Tyson Fury has dreamt about winning the world heavyweight title so many times during his 27 years that in the early hours of Sunday morning, as he wrestled with feeling over-wired and overtired, he began to wonder whether his mind was tricking him.
“I thought this better not be a dream and I have to fight tomorrow,” he told the reporters squashed around him. “Then I realised it was real. I was the new heavyweight champion of the world!”
Fury celebrated taking Klitschko’s WBA, IBF and WBO titles by serenading the 50,000 crowd at Düsseldorf’s Esprit Arena with Aerosmith’s I Don’t Want To Miss A Thing and he was no less unorthodox on his first day as champion, as he said goodbye to his camp shortly after midday to catch the overnight ferry to Hull with his pregnant wife, Paris. There was no sore head, from bottle or fist. Fury, who has long given up booze, celebrated with the soft stuff and while he agreed that Klitschko had caught him flush a few times, the Ukrainian’s punches had not shaken him and left only minor bruises over his eyes.
“I’m feeling good, apart from my feet,” he said. “They’re absolutely killing me. For some reason they were more affected than any other part of my body. My toes are all blistered from where I was moving so much. I need to invest in a better pair of socks than this pair of 50 for a pound. Even though we had a lot of foam taken out, it was still quite a spongy canvas.
“And as far as I’m concerned right now, if I never win another fight I don’t care because I’ve achieved what I set out to achieve in my life. I’m a winner and I had a lot of bumps in the road and could have said: ‘I’m done, no more, I’m packing it in.’ I stuck with it and it shows that determination and dedication pays off.”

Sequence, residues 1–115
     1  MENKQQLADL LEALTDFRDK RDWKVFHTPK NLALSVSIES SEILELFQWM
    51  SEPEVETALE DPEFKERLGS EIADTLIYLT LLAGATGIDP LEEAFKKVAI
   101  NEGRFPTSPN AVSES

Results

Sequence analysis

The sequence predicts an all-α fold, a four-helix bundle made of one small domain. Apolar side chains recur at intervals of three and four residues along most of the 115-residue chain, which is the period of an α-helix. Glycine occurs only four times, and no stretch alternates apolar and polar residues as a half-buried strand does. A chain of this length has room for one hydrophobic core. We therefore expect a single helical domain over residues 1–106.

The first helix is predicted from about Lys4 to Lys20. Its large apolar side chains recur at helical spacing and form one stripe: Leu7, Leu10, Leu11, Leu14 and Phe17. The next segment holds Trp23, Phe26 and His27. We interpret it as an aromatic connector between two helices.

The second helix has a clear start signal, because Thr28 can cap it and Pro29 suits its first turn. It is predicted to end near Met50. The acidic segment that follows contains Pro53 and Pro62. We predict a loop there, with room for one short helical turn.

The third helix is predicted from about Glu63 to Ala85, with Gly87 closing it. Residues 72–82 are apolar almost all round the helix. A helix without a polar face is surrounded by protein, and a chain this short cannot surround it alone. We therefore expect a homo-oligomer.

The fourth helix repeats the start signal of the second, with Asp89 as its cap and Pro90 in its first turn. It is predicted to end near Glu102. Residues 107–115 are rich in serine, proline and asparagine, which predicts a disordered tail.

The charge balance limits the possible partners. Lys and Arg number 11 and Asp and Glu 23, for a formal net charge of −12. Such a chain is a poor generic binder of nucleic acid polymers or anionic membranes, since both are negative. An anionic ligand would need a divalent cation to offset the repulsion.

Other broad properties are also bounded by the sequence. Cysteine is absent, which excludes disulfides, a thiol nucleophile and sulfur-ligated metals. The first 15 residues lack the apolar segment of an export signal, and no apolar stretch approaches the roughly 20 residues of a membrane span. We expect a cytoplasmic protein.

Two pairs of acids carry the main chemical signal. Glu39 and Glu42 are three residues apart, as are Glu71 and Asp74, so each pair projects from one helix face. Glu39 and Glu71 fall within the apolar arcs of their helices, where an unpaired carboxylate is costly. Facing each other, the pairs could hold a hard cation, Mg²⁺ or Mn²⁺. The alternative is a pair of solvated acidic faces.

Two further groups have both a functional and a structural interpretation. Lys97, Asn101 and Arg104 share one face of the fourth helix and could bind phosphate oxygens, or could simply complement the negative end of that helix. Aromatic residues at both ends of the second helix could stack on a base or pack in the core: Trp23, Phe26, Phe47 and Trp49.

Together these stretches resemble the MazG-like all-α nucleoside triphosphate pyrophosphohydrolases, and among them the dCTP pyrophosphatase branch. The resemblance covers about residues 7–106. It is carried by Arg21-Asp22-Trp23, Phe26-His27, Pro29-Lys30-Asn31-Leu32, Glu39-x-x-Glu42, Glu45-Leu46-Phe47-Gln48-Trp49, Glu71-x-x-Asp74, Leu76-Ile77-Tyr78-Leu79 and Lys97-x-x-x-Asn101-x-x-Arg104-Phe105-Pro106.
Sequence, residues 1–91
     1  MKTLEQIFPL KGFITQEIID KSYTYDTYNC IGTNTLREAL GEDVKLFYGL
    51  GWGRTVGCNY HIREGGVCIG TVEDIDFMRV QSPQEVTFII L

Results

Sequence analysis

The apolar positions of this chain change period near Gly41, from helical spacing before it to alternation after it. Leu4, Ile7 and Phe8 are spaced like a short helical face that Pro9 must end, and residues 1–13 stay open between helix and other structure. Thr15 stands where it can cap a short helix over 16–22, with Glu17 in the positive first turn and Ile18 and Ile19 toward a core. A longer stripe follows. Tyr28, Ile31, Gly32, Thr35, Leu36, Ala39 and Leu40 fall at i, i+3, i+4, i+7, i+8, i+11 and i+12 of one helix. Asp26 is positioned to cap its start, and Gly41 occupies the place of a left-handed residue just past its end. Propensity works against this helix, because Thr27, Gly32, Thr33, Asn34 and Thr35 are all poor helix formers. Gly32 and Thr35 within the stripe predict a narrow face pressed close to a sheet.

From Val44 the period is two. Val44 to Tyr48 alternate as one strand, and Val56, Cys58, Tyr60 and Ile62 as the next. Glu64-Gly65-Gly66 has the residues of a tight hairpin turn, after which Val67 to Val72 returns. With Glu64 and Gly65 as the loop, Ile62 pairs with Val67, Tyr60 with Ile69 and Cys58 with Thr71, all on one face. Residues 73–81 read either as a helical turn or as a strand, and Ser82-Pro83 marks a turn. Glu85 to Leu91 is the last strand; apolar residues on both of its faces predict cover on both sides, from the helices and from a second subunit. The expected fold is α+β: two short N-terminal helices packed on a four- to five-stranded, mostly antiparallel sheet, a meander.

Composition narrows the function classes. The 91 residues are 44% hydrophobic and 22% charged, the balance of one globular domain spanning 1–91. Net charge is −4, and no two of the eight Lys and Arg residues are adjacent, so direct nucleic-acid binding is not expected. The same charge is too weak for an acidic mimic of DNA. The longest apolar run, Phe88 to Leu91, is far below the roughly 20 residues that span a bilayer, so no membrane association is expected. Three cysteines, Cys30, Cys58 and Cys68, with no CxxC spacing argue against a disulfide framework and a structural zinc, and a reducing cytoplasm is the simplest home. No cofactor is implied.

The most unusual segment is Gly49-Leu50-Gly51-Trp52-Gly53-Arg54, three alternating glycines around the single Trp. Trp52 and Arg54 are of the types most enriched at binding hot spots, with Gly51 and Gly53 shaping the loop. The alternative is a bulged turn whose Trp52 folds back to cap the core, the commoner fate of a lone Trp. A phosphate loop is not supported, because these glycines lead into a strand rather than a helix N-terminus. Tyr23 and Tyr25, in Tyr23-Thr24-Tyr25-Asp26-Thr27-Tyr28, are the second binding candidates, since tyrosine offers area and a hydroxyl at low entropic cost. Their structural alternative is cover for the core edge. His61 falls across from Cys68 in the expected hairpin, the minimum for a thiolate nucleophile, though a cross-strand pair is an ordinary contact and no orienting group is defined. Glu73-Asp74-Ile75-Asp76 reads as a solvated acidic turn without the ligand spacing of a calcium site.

When Fury was born, in 1988, nearly three months premature, he weighed less than a pound and doctors did not believe that he would survive. His father, John, named him Tyson, after the then-heavyweight champion of the world, and promised hospital staff his son would not only recover but emulate the famous namesake. How happy he is to have been proven correct.
John was a former professional fighter who also dabbled in unlicensed and bare-knuckle boxing, and as soon as Tyson was old enough to stand he would practise punching his father’s hands. Jab, left hook, one-two-three. At the age of 11, when he first put on a pair of boxing gloves, Fury became convinced – along with everyone else in his family – he was going to be the heavyweight champion of the world.
His younger brother Shane was his first sparring partner and they used to “play” boxing all the time. “Even when we weren’t playing, we’d design world championship boxing kits,” explained Fury. “There was only one pair of gloves in the house. I don’t know why – they were my dad’s old gloves from when he used to train – and they were all stinky and sweaty. So we used to put one glove on each and have tea towels and dishcloths wrapped around our other hand. We used to spar full on in the kitchen, plates going everywhere. It was a big kitchen so we never did any damage.
“We used to have this rug in the kitchen – it wasn’t very big and whoever went off the mat first was out,” he continued. “We’d trade punches. Even before I had an amateur fight me and my dad would spar in the garden. My uncle would say: ‘I’ve never seen a heavyweight move like that.’ At 14 I was 6ft 5in and 16st with a beard probably. He said ‘you will be heavyweight champion of the world’.”
John takes up the story. “I was on the grass one Sunday, it was a lovely sunny afternoon, and him and Shane asked me to spar with them,” he said. “Tyson hit me with a left hook and I felt a searing pain in my side. I thought ‘What, from a 14-year-old lad?’ and I had fought some tough cookies in my time. I thought to myself I’ll have a sit-down. But when I went to get up off the wall, I couldn’t move, I had three broken ribs.
“He was a big 14, around 6ft 5in, 16 stone. He was a fat kid. He was not tall and lean. He loved McDonald’s and burgers. A friend of mine said that although he had layers of fat on him, he had never seen anyone move like him and that he could be a champion.
“He started with amateur boxing and they couldn’t get him a fight because he was so big.”